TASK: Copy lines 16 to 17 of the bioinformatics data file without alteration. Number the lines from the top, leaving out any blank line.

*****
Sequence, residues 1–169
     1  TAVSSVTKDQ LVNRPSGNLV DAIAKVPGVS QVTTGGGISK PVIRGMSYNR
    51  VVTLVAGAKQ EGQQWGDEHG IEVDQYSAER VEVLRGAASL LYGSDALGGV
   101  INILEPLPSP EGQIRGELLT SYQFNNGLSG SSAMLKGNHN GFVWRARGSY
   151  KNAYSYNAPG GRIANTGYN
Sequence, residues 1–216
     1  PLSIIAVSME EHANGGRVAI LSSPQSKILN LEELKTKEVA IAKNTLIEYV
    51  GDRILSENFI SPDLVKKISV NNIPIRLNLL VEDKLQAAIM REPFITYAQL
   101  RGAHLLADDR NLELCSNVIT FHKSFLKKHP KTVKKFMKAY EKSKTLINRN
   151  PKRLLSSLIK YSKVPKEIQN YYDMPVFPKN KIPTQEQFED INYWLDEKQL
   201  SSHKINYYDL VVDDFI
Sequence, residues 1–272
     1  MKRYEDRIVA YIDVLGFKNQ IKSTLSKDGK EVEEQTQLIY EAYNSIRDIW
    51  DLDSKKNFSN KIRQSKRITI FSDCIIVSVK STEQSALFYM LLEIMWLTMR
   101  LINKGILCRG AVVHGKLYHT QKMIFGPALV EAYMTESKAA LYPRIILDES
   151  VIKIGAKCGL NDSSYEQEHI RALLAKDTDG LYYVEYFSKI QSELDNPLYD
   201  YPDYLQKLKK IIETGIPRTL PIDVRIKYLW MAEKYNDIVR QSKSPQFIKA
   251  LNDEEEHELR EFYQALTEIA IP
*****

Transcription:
   151  VIKIGAKCGL NDSSYEQEHI RALLAKDTDG LYYVEYFSKI QSELDNPLYD
   201  YPDYLQKLKK IIETGIPRTL PIDVRIKYLW MAEKYNDIVR QSKSPQFIKA